So as you can imagine, it’s great to be around me when I’m fasting.
This past Wednesday, I decided to keep track of all the feelings that arose during my fast. Here were some of them…
- I felt like fasting was stupid.
- I felt like fasting was a waste of time.
- I felt like God would understand if I ate a small lunch. (I was at a seminar and we all ate lunch together, so while they ate I had to explain repeatedly why I skipped our meal.)
- I felt bad for feeling that fasting was stupid and a waste of time.
These are just a handful of the feelings I felt last Wednesday during our fast, and every one of these feelings pointed to the same conclusion: break the fast.
Just eat. It’s no big deal.
And yet, I knew in my heart that God had called us to prayer and fasting as a community.
If I yielded to my feelings – feelings that were real, true and seemed very much legitimate in the moment – I would be settling for something less than what I believed God wanted to do in and through me.
God has given us feelings and for that we must certainly take them into consideration, but I’m afraid that far too often, we give in to how we feel without really wrestling with why we feel what we feel, and why feeling that emotion and enduring through it might just be necessary.
I’ve got to believe there’s a reason why immediately after Peter’s confession of Christ in Matthew 16, Jesus follows it up with a word about self-denial.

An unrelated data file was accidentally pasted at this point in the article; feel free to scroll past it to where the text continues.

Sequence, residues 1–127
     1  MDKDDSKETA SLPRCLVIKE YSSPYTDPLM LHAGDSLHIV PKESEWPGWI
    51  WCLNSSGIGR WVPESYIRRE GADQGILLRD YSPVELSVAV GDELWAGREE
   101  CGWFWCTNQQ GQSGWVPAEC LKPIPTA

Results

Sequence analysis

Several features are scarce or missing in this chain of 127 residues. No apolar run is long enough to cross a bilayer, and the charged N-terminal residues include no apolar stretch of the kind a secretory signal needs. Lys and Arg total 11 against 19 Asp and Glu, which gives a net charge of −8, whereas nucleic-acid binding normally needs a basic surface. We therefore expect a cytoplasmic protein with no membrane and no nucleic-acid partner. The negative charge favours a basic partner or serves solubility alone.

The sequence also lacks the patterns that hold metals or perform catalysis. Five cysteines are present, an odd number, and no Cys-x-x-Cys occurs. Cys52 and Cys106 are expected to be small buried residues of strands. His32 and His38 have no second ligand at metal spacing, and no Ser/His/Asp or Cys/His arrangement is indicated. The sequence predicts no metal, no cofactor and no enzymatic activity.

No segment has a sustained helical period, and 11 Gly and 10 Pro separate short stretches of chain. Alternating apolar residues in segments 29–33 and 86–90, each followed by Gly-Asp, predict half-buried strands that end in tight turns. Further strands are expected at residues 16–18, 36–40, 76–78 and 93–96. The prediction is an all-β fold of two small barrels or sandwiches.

Shortly after Peter declares that Jesus is “the Christ, the Son of the Living God,” Jesus tells the disciples, “If anyone wants to come after me, they must deny themselves, take up their cross and follow me.”
The call to self-denial certainly applies to more than just our feelings, but I am more and more convinced that at the very least, it must include our feelings.
As followers of Christ, we are called to follow God together, in community, so that through relationship with God and each other, we can grow our faith, deepen our hope, and encourage each other on toward love and good works (Hebrews 10:19-25).
Will there be days we don’t feel up to going to church? Will there be days we just don’t feel like it?
Absolutely – but we are not called to follow our feelings; we are called to follow Christ.
First and foremost, we are not called to be followers of our feelings; we are called to be followers of Christ.
There will be times when the call of God upon our lives and the way we feel about that call are not in alignment.
In those moments, we will need to decide who we will serve, who we will follow and who we will love.
Our feelings are real, but they are not necessarily reality. They are true but not necessarily truth. However, unlike our feelings which may be true but not truth, Jesus is the way, the truth and the life.
Our feelings come and go; let’s not allow our faith to follow the same pattern. Let’s come together to push past how we might feel at any given moment so we can be followers of Jesus – not our feelings – for the glory of God and the sake of the world.